Tuesday, March 13, 2018

Steven Ross Smith : My Writing Day

My smart phone alarm calls me into morning between 6:30 and 7 a.m. Currently it’s playing a folkish song from the ‘60s – “Something On Your Mind” by Karen Dalton. I resist, doze, but the song plays on. So I stretch, throw the covers off and get up and head for the bathroom to fetch my housecoat. I’ll need fuel so I descend the carpeted stairs to the kitchen where I assemble multi-grain cereals with fruit in a shiny white bowl, settle at the table and chew while reading a page or two of the latest NewYorker. Then make a latte-to-go and climb back upstairs to the shower.

After the shower, fully awake, freshened, and dressed I ascend the stairs to my attic office where I’m surrounded with several hundred books and twenty or thirty random images stuck or hung on the wall – everything from a picture of my grandfather as a dandy young man in about 1905 to ceramic and stuffed owls and seven or so pieces and photos related to my mentor bpNichol. Gertrude Stein and Alice B. Toklas hover atop my window frame, which looks out, when I think to look up from my keyboard, toward Mount Norquay.

I drop into my office chair and flick on my laptop and linked screen. It is about 7:45 a.m. and time to write. I like to get writing before my brain gets cluttered with anything else, notably news or emails.

From that point, things vary from day to day. I might start by reading some poetry; or I might look at a piece I’ve been revising; or I might launch into the void of the new blank page.

I write for art and I write for dollars, so the project might be a new poetic work, or revisions of a story or essay, or an article on literary or visual art topics.

I most often – if there’s no pressing deadline – follow my instincts, i.e., I tune into my mind, the direction of my attention, and move to that project. For instance, I often have two or five or even more things on the go, so I listen to where my attention is aiming, and proceed to begin work on what rises to the surface. Today it is this piece, responding to rob mclennan’s invitation to write about my writing day.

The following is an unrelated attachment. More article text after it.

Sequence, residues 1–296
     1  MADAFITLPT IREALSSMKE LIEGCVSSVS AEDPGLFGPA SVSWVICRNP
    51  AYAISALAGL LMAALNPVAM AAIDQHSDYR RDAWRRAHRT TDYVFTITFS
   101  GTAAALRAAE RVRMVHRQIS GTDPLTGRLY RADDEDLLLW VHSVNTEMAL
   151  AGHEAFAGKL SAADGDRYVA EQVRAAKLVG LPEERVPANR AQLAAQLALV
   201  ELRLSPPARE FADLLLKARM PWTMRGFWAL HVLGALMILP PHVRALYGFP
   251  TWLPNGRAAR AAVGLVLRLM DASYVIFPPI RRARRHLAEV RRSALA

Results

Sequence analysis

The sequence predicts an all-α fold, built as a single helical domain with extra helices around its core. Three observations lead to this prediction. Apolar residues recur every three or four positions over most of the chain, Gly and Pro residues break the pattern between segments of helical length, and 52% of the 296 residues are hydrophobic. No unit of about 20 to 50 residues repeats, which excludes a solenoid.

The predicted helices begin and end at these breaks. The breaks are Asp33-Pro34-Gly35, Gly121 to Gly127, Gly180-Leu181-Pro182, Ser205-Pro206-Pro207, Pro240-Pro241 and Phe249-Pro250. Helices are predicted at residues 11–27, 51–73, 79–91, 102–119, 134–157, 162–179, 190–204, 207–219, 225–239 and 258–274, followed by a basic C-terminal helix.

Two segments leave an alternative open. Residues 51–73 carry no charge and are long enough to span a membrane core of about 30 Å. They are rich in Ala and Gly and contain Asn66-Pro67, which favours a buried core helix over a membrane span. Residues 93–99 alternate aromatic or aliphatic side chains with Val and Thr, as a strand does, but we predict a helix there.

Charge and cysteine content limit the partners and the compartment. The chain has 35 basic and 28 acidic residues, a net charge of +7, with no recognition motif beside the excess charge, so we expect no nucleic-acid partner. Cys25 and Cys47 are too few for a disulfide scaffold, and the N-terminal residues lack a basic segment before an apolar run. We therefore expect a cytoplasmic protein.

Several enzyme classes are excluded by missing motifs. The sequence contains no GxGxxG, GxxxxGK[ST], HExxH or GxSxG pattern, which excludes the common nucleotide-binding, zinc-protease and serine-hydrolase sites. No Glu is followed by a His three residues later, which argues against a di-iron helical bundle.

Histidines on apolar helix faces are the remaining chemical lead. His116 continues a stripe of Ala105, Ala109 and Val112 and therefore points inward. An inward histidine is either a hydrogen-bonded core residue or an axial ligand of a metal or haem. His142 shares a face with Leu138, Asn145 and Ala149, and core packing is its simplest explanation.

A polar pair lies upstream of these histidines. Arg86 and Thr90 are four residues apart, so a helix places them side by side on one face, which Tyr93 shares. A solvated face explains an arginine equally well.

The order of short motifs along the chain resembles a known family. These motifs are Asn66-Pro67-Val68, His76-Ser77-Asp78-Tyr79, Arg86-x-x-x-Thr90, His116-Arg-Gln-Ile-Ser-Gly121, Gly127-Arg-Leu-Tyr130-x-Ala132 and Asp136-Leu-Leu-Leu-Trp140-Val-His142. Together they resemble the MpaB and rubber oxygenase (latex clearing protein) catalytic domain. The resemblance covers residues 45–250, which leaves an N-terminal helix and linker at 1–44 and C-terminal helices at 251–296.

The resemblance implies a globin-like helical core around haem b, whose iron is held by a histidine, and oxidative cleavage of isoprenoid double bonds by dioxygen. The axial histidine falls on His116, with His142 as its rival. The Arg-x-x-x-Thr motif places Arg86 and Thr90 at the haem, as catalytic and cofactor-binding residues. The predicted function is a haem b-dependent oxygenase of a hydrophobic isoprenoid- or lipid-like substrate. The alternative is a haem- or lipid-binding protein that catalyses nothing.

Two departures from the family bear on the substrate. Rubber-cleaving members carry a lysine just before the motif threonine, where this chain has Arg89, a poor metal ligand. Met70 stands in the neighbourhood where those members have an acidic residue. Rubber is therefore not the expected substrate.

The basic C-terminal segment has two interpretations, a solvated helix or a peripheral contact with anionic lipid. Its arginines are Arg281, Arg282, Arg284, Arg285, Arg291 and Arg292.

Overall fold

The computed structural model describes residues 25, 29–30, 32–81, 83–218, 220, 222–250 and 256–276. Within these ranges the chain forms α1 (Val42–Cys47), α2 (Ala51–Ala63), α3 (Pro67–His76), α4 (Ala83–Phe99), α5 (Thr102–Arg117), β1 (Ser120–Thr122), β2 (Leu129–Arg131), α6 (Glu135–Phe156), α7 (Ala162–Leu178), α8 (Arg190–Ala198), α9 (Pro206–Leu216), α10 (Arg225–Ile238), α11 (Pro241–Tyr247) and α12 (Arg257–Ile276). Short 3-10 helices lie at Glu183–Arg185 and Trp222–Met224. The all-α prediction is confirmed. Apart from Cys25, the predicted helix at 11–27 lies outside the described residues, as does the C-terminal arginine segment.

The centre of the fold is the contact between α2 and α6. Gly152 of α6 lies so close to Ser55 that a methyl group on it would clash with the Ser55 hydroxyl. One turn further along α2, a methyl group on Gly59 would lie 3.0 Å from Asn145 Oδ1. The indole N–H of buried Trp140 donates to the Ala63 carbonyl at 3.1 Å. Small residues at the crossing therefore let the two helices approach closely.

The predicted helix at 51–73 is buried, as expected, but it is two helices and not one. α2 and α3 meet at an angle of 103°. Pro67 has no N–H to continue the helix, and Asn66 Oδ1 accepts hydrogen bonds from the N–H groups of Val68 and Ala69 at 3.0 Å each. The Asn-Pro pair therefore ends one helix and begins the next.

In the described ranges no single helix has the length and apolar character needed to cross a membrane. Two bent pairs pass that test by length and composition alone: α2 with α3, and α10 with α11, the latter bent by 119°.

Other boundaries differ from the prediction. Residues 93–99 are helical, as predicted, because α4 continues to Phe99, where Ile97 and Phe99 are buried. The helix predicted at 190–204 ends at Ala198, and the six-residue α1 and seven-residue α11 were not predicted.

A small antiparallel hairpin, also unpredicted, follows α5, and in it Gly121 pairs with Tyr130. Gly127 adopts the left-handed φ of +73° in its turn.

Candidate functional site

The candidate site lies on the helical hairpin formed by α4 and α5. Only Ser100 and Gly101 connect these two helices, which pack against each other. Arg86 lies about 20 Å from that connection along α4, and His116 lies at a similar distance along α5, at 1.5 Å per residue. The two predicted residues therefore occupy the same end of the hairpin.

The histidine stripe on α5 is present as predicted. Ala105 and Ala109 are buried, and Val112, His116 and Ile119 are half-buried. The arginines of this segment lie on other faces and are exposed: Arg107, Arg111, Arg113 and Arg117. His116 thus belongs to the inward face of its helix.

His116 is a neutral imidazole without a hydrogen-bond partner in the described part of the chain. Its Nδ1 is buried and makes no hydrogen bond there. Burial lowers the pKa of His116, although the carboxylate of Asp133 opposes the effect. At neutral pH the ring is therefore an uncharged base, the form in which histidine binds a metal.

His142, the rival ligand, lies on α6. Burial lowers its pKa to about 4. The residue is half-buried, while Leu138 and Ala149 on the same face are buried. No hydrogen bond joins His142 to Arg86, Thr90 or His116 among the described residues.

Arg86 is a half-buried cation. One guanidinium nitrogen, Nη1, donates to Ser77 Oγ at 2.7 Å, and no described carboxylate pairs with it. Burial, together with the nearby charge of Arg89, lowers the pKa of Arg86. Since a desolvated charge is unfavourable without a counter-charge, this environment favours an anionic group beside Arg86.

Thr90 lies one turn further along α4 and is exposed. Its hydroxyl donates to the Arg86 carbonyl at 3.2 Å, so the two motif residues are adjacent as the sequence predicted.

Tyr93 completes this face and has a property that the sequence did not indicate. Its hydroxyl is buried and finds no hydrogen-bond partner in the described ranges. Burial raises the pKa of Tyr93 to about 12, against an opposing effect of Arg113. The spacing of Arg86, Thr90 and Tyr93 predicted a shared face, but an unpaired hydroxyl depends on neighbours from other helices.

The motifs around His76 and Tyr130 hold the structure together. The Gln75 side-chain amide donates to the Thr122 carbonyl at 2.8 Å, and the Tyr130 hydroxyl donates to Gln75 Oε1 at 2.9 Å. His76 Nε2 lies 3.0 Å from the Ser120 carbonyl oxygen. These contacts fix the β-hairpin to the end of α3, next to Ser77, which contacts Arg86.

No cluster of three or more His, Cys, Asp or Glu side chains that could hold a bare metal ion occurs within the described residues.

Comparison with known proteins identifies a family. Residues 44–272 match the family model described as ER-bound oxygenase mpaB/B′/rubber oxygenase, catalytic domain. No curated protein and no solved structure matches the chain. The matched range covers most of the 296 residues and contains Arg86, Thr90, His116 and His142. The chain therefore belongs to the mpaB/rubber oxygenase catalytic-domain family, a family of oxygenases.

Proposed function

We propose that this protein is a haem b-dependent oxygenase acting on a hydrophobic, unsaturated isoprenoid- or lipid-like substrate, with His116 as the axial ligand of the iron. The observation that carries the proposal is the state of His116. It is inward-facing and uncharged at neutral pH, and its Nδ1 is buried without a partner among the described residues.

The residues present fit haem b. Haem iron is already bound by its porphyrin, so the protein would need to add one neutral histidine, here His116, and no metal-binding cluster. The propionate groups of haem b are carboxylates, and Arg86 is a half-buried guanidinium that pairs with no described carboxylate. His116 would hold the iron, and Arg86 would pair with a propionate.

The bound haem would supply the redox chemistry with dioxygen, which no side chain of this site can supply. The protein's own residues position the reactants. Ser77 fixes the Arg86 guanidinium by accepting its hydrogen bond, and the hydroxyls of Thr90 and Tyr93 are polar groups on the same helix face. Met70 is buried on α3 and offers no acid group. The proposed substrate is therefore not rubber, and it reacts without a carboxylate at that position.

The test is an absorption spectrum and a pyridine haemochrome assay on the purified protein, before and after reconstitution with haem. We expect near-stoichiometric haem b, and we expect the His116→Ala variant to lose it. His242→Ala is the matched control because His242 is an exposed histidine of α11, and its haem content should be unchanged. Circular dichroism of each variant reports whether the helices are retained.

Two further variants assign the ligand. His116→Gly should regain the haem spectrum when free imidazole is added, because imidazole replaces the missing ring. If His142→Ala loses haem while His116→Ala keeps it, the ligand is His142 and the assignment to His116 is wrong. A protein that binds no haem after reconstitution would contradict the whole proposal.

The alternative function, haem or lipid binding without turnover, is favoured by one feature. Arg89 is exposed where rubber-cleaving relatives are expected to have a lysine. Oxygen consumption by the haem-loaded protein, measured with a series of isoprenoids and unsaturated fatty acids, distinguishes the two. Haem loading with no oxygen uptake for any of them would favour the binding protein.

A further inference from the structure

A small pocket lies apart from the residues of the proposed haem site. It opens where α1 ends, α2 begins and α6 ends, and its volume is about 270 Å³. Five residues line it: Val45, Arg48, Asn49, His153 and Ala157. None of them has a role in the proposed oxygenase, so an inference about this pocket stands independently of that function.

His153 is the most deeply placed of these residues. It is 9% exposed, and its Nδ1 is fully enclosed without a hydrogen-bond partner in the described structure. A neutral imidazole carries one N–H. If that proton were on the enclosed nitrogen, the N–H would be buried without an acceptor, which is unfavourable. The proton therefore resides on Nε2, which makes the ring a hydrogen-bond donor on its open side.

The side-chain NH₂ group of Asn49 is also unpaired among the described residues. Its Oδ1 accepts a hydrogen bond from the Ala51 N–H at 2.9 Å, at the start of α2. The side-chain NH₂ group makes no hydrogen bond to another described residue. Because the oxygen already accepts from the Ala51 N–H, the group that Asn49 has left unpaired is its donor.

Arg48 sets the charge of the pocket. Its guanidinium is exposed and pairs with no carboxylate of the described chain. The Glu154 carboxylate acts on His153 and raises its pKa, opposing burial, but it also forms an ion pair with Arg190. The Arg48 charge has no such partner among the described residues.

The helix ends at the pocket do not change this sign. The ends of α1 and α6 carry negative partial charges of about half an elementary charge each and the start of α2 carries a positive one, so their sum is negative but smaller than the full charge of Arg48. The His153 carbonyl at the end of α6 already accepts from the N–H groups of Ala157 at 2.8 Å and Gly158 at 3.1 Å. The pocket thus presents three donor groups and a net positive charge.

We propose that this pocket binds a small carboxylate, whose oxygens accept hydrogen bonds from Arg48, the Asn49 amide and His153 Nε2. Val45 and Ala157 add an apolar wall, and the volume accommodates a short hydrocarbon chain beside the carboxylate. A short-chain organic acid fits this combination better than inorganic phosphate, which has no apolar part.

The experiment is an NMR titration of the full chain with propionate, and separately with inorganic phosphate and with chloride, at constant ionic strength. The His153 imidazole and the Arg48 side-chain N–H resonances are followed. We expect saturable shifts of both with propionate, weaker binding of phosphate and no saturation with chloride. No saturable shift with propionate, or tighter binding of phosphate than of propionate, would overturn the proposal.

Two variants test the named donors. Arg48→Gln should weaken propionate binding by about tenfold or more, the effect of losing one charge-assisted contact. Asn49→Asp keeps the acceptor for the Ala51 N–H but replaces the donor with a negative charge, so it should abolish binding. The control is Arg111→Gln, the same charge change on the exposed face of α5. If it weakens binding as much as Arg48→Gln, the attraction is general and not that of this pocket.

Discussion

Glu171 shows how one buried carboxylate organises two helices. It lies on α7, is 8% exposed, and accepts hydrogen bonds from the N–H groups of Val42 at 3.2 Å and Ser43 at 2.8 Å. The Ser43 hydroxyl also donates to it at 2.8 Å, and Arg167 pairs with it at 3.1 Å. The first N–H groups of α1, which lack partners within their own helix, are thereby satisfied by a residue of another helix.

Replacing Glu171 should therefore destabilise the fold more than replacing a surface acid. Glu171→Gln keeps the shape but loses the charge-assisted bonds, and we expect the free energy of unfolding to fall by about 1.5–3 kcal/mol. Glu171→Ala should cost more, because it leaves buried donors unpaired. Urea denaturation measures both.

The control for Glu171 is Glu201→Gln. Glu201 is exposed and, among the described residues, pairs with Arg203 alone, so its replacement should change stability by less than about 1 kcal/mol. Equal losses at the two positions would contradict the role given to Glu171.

Three times a week I stop at 11:30 to get organized and head for a noon yoga class. Other days I might work a bit longer, before breaking for lunch. In any case, there’ll be a break in the afternoon for the aforementioned, or for errands, a walk, or a trip to the gym to stimulate blood flow to the brain, and to try to counter my body’s - apparently unhealthy – static, seated morning. I like to return to the desk for an hour or two more of work in the late afternoon – more writing, or correspondence, or other administrative tasks. I will descend from the office around 5 or 5:30, angling toward supper. Usually there is no writing energy left in the day. Evening will be for visits or entertainment and (not too late) to bed where I read a bit, then shut the light and hope for a good sleep, before rising next day to start the cycle over again.

Why This Schedule?

I used to write late at night, when I lived alone – say from 10 pm to 1 or 2 a.m. But as I got older I found that my brain grew too sluggish in those hours, and when I became a family guy, there were other nighttime distractions. I don’t recall exactly when, but I began shifting to mornings for writing – I think it must have been on my move to Saskatchewan, where my intent was to focus hard on my poetry and fiction. Often my day commitments nudged me toward early morning. The other aspect of this scheduling was my belief that consistency, the daily application of the posterior to the upholstery – a nice way of saying “bum on chair” – was essential to accomplishment, fighting procrastination and lethargy, and to keeping the part of the brain and unconscious that is attuned to creativity, attentive and on track. It’s that keeping your eye on the ball thing. So getting to work first thing became a habit, and didn’t allow distractions to get in the way. My writing, creative growth, and subsequent publications, were the result of this consistency.

The other principle I believe in is revision. So the application of consistent and ample writing time allows space for musing, writing, refining, revising, setting aside, revising, revising, polishing, and completion. My writing workday will embrace all or some of these processes, depending on where I am in a work’s process. The habit becomes ingrained and enables frustrations to be balanced with reward, a fantastic incentive to get up and do it again.

Okay, my stomach’s telling me its almost time for my lunch break. 

Steven Ross Smith is a poet, perfromance poet, fiction writer and arts journalist. His latest poetry book, his thirteenth, is Emanations: Fluttertongue 6, published by BookThug of Toronto. He has received the Saskatchewan Book of the Year Award (2005) and the bpNichol Chapbook Award (2006.) He appears in journals, audio recordings, and videos in Canada, USA, and abroad. Smith served as Director of Literary Arts at the Banff Centre from 2008 to 2014, and as Director of Sage Hill Writing Expereince from 1990 to 2008. His recent journalism has appeared in GalleriesWest, Poets & Writers, and WestWord. He lives and writes in Banff and Galiano Island, B.C. Find him at: fluttertongue.ca; stevenrosssmith.com; & on Twitter @SonnyBoySmith

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